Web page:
Ferran Fages: Electronics

Thursday 22 July 2021

I think it’s safe to call Ferran Fages eclectic. These two reissues from 2010 are works for electronics, different from the sparse works for guitar and piano previously reviewed here. There’s a form of economy at work in these pieces too, but where the later works use sound sparingly, each of these two pieces crowd out all available space with unbroken blocks of sound. In Llavi vell Fages determinedly bows an electric guitar, exploiting the harmonic nodes on the fretboard to create simultaneous layers of sound, ringing harmonics over the rapid brushing of amplified metal-wound strings. Towards the end a contact microphone is used to produce feedback hum as additional drone. It’s a vast monad of sound, at once impenetrable and insubstantial, combining the chatter of a hundred randomly-tuned radios with tambura and sferics, a fixed piece made of constant molecular movement. This is a revised version from the original release and also a little shorter, although an extended playing time would not hurt.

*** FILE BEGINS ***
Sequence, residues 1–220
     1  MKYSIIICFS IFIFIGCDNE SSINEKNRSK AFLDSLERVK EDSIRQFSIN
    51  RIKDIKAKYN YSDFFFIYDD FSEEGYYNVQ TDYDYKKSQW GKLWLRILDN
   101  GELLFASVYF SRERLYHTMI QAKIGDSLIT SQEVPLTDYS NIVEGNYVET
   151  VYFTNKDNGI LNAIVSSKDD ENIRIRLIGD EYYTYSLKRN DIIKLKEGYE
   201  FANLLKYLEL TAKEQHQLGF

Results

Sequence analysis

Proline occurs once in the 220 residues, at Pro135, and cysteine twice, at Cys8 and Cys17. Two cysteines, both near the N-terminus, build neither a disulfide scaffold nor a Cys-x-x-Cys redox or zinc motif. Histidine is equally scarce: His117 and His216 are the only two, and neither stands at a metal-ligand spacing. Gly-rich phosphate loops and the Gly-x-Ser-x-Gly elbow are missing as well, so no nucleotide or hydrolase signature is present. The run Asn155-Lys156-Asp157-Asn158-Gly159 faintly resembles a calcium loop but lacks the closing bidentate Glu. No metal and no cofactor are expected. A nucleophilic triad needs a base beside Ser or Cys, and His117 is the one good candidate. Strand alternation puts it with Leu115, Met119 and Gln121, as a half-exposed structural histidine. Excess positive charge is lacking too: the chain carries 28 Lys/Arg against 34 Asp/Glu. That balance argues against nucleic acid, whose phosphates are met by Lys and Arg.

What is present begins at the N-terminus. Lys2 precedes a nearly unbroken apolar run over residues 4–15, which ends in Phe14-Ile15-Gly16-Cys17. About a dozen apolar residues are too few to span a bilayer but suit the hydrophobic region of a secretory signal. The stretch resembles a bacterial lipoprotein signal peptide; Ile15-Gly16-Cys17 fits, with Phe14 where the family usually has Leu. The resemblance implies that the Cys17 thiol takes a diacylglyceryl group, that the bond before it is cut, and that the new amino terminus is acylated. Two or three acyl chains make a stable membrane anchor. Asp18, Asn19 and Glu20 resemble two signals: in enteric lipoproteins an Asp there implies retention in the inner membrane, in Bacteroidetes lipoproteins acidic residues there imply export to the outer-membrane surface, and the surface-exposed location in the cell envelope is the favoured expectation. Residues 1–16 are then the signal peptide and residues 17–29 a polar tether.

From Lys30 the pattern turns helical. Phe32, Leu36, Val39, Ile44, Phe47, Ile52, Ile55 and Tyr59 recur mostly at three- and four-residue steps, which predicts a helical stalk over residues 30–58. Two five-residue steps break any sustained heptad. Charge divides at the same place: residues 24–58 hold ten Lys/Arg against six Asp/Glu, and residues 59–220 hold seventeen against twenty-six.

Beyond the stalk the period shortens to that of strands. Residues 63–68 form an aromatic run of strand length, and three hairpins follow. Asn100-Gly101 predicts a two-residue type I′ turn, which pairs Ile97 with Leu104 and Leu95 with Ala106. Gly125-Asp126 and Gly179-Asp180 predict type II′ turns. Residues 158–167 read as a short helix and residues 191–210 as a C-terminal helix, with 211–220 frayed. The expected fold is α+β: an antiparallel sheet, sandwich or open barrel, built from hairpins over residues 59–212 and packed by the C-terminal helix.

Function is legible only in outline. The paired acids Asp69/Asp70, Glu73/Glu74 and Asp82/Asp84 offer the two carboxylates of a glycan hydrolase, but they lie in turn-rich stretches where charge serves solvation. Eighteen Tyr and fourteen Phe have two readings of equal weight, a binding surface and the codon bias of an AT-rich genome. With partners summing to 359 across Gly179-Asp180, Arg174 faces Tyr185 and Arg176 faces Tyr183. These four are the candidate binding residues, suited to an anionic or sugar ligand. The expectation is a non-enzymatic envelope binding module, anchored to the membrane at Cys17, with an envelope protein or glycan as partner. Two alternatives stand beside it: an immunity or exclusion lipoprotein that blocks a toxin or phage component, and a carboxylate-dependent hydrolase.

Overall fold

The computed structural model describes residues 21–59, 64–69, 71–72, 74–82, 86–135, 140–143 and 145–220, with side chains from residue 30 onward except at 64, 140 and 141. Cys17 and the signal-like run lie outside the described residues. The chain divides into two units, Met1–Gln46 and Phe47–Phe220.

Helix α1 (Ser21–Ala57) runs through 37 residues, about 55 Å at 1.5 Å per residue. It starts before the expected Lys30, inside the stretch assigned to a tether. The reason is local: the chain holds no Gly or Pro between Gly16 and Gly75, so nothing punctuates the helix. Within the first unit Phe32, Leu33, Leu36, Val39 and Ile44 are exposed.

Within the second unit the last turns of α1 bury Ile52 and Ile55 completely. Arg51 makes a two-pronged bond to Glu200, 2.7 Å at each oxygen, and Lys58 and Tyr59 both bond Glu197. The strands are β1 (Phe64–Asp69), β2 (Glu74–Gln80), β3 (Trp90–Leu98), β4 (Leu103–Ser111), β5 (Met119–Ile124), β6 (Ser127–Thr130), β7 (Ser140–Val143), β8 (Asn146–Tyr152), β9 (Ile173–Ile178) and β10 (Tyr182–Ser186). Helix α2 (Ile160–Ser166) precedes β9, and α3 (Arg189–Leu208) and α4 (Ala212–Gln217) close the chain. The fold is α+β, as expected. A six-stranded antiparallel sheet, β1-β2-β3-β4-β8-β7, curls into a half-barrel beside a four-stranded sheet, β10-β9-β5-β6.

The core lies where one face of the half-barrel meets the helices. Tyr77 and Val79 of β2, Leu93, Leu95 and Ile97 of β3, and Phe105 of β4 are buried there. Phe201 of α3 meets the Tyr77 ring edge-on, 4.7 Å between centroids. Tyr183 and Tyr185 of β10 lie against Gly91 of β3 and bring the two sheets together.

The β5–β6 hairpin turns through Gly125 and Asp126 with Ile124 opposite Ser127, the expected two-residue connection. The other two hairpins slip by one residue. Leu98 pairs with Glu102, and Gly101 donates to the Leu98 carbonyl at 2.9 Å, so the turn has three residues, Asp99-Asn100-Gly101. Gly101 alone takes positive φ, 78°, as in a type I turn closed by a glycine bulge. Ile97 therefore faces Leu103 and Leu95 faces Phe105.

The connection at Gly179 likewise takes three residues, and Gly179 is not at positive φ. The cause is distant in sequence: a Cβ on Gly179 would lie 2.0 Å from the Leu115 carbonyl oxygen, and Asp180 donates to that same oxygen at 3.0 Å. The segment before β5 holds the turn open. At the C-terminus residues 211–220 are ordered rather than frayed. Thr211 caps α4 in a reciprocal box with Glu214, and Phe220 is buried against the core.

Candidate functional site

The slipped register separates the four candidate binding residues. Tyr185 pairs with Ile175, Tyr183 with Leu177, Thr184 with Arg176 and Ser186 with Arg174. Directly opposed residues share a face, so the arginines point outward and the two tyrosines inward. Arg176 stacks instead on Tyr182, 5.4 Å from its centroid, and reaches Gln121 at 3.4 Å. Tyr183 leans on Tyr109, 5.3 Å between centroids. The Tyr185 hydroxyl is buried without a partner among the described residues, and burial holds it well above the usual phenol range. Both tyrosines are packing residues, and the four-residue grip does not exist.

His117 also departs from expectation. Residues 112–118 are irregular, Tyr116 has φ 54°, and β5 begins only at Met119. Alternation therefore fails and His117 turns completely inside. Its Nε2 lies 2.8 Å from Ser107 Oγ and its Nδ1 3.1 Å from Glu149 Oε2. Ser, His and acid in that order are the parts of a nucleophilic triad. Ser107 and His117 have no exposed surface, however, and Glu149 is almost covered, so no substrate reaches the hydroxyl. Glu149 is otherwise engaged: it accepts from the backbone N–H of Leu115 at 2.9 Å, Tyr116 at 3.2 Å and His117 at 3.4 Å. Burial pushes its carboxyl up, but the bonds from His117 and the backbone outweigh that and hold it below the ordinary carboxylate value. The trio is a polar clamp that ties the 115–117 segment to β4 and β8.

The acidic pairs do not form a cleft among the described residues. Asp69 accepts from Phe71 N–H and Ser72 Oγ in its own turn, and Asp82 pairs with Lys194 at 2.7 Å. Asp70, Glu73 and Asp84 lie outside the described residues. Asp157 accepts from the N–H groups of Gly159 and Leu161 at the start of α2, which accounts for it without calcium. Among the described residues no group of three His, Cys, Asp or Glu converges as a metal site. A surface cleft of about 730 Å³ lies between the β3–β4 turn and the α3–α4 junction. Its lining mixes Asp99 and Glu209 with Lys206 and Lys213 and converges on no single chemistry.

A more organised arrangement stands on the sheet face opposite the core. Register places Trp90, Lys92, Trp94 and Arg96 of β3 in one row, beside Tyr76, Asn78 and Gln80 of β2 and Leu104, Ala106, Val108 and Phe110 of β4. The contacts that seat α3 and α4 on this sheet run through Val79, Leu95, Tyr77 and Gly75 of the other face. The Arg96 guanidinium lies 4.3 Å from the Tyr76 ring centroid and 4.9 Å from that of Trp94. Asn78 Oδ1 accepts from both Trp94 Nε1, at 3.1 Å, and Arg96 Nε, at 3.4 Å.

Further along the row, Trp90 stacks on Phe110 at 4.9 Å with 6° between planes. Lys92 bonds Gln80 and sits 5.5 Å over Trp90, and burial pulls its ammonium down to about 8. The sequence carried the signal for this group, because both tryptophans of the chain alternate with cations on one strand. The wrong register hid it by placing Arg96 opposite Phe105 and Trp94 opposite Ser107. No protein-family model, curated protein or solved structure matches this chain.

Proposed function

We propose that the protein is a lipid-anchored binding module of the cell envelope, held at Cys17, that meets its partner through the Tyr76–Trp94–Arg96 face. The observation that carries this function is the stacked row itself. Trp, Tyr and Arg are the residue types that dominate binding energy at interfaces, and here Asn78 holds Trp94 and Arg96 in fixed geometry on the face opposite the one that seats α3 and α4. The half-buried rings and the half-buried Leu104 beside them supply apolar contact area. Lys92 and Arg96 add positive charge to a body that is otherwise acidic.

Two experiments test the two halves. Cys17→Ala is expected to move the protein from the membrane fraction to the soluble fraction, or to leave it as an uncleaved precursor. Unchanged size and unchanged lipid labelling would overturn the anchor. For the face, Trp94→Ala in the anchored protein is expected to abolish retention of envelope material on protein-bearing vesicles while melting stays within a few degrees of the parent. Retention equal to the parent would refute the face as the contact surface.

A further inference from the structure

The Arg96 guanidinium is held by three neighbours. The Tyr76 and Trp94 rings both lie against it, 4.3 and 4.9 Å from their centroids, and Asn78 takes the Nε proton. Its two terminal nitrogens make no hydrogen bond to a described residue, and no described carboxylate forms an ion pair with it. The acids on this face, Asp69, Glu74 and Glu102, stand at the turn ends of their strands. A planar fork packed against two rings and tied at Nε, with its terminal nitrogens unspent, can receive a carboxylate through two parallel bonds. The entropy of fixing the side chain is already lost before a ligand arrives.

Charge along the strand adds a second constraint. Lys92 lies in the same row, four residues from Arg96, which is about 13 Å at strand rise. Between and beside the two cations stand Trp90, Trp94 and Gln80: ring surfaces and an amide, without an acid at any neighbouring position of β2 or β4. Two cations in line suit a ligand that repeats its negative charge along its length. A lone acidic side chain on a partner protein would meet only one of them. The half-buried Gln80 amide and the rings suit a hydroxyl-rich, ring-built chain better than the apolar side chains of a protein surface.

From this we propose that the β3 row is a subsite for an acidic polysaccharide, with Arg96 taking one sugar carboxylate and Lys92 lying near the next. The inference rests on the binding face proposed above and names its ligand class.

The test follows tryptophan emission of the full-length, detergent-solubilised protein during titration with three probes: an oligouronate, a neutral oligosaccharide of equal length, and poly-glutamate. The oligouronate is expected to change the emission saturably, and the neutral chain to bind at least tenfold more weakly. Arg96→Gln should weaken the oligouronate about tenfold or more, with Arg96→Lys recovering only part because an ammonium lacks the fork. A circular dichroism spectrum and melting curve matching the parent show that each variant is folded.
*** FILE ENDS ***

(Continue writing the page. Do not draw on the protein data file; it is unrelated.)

On the other hand, further exposure to Llum moll probably would hurt. Each time I’ve heard it, even at low volume, I’ve had a persistent ringing in my ears hours later. It goes away eventually. This piece actually does use AM radios, combined with digital electronic interference to create narrow bands of noise at various frequency ranges. The piece begins with bracing bursts of coldly abrasive sounds but then about five minutes in it quits playing nice and locks into a persistent high-pitched squeal that threatens to brick your cochlea. The remainder of the piece zeroes in on one static frequency after another, usually at an extreme of hearing range. A cleverly constructed piece that may harbour malevolent intent to the listener, it might be a one-and-done listening experience as you rely on your memories of the piece to discuss it rather than sit all the way through it again. As a worst-case scenario, it makes its case on conceptual grounds ahead of aural.